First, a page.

A federal investigation is looking into allegations that software from the company Carrier IQ, used on 150 million Americans’ cellphones, tracks user activity and sends the information to companies, without telling consumers. The FBI’s denial of a reporter’s request for information regarding the software also has triggered rumors that it is being used for law enforcement, reports The Washington Post
The tracking software was discovered a few weeks ago by security researcher Trevor Eckhart, who found that it recorded every key stroke and text message entered by users. The company, whose executives met Tuesday with Federal Trade Commission officials in Washington, D.C, claims that the software was not designed to record this information, and that any such recording would be accidental. It also denied that it supplies companies with tracked data.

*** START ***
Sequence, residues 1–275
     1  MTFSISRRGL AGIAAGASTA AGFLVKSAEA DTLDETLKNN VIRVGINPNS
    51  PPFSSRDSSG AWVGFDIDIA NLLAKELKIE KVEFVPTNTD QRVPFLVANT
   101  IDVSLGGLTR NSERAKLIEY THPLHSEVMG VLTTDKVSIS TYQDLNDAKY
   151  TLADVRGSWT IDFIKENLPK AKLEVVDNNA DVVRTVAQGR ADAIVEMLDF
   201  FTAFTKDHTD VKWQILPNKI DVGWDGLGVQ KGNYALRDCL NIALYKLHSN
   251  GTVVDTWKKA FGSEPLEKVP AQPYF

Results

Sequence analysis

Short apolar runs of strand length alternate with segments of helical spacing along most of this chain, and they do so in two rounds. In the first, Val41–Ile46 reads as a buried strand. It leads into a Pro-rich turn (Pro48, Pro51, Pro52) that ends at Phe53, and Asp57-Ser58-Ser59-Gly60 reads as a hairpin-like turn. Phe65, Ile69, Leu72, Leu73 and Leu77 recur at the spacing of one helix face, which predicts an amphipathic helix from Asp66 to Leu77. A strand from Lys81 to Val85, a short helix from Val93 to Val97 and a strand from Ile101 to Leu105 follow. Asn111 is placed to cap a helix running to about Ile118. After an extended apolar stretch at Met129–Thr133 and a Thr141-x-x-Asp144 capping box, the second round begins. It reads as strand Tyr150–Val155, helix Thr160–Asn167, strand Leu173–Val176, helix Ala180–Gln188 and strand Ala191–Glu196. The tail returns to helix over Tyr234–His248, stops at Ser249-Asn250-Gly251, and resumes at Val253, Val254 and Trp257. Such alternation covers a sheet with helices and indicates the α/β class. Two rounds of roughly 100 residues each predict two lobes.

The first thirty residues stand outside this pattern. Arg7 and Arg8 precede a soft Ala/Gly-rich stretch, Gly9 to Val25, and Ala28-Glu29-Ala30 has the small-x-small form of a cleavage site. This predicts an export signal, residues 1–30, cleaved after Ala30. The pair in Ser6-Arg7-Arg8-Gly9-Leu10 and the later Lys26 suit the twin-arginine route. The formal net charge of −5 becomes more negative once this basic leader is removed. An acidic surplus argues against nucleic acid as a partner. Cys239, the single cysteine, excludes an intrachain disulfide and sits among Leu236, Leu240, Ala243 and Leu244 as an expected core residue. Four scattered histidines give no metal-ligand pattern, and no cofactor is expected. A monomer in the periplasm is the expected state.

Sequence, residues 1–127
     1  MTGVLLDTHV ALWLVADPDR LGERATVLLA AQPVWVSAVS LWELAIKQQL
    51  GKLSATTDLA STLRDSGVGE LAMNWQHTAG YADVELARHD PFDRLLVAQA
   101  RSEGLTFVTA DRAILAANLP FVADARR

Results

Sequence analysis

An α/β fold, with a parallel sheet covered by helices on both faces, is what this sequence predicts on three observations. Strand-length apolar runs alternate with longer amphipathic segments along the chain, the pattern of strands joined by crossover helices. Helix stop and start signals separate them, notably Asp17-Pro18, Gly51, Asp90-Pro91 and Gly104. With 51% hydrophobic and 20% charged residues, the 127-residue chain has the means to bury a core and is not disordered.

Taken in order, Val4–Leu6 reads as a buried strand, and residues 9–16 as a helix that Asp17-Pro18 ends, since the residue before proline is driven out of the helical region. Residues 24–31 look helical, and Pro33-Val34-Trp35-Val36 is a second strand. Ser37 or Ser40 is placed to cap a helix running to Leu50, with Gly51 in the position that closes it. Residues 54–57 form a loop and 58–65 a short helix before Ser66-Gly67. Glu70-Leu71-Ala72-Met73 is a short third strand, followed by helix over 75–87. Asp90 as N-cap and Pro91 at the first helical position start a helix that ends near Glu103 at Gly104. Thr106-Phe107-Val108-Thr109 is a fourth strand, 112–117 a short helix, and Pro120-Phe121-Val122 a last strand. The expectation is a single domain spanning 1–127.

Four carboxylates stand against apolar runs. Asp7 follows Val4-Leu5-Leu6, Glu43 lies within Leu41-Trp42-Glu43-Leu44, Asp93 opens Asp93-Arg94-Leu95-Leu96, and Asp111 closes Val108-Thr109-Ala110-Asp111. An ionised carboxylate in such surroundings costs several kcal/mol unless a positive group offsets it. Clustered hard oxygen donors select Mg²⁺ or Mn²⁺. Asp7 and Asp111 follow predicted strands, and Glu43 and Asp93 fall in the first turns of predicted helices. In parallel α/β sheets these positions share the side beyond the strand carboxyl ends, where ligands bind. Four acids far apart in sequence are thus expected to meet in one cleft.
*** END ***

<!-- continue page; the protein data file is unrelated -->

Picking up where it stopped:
“Carrier IQ [has] no rights to the data gathered and [has] not passed data to third parties,” the company said in a written statement.
The law-enforcement rumors began circulating when a reporter with the blog MuckRock News filed a Freedom of Information Act request with the FBI asking for any written documentation pertaining to any Carrier IQ software. The FBI acknowledged it had such materials but denied the request on the grounds that the materials are “law enforcement records.”
“The information you requested is located in an investigative file which is exempt from disclosure,” the FBI told reporter Michael Morisy.
“Should a law enforcement agency request data from us, we would refer them to the network operators,” Carrier IQ’s statement claims.
“To date and to our knowledge we have received no such requests.”
Since researcher Eckhart’s allegations about the software surfaced, several class-action lawsuits have been launched against Carrier IQ and cellphone service providers.
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